Text description provided by the architects. The recent housing bubble has driven American houses to extreme sizes and exurban locations. Too often, housing value has been determined through complicated equations based on square footage and marketable features, rather than spatial, material, or environmental quality. Even in cities like Philadelphia, low-cost mortgages have helped to foster a culture of “bigger is better.”
The 100K Houses were conceived as a response to this unsustainable approach to housing. Small, efficient, and super-green, the 100K Houses provide sustainable, affordable options for first-time Philadelphia homebuyers.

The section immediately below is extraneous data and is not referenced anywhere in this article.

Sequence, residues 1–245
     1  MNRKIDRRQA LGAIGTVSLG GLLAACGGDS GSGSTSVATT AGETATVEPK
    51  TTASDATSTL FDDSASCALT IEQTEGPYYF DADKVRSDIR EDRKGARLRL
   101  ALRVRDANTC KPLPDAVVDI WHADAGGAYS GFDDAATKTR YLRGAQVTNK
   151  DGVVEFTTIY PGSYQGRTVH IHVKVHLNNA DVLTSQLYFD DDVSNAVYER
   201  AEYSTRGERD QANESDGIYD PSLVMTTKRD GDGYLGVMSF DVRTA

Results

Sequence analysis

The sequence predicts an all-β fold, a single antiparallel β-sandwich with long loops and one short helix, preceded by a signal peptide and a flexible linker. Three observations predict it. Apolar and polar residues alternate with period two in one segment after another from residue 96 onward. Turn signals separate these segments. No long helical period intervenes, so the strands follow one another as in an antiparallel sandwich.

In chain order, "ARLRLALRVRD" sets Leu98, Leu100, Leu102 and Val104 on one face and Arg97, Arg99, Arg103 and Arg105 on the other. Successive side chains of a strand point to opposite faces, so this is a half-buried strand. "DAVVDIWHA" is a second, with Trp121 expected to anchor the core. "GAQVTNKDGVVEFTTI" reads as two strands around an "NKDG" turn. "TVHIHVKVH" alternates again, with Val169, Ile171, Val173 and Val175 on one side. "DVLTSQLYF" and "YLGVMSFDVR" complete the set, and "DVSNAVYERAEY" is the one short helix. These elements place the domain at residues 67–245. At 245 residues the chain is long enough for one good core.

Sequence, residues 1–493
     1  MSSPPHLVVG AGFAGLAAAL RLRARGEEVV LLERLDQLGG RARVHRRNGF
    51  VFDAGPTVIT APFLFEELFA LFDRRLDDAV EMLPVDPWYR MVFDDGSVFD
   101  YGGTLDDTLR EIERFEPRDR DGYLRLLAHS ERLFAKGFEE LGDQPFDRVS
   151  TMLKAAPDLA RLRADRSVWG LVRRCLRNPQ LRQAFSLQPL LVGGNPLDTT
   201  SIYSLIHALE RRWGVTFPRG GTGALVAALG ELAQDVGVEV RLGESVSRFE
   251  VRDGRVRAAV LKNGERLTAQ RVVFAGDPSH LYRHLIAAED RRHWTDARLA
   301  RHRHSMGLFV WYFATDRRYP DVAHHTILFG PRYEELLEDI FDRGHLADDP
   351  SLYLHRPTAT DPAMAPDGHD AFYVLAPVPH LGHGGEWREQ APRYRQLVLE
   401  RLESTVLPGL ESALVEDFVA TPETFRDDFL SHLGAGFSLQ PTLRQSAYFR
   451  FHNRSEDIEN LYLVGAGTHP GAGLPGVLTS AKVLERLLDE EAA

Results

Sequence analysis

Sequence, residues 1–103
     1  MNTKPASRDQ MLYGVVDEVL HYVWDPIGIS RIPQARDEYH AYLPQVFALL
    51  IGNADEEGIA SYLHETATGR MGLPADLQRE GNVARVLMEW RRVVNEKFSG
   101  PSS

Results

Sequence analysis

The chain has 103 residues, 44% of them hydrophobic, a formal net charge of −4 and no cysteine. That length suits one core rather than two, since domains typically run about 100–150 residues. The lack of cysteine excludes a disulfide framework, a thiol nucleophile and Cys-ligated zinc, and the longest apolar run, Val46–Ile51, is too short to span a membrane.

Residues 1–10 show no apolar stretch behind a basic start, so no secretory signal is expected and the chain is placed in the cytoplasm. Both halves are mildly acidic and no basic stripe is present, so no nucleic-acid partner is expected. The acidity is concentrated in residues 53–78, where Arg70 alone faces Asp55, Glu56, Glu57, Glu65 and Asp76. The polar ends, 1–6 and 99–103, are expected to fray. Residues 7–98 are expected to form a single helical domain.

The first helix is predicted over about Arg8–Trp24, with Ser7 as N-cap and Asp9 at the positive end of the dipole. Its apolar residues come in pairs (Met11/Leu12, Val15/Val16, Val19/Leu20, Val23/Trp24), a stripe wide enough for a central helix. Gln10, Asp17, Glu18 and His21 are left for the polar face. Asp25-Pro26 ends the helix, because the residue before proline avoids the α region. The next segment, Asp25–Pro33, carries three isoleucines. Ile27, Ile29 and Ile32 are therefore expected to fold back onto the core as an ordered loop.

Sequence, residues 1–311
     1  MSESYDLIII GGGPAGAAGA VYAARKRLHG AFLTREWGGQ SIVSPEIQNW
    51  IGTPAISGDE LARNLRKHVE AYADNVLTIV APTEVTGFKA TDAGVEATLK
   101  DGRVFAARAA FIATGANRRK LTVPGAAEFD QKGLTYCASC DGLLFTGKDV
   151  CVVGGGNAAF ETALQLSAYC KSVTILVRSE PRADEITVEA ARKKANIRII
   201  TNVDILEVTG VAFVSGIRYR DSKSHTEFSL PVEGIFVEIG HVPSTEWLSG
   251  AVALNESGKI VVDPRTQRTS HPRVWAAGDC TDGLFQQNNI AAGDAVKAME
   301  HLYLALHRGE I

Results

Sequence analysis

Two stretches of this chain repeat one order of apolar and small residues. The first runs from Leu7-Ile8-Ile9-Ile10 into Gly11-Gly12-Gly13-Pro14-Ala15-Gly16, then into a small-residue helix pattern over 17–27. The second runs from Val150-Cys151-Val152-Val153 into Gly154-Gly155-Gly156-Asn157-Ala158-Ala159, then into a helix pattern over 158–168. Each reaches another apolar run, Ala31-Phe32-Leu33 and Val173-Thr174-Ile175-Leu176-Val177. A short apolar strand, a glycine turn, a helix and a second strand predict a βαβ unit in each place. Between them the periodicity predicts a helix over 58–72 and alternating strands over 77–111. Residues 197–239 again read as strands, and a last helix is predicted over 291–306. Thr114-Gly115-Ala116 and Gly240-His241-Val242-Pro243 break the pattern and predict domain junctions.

The average single-family home in the U.S. has ballooned in size over the past few decades. Oversized homes are largely the result of cheap materials, poor-quality design, and unrealistic economic expectations. Small is the new normal.
We define efficient, cost-effective construction and exploit that position for design opportunities. The 100K Houses riff on simple materials and flush facades, employing texture, pattern and color as low cost, high impact treatments.
The 100K Houses employ a passive strategy focused on envelope rather than systems. This strategy yielded LEED for Homes Platinum certification and HERS ratings between 42 and 24 (performing 58% to 76% better than homes designed to baseline energy code).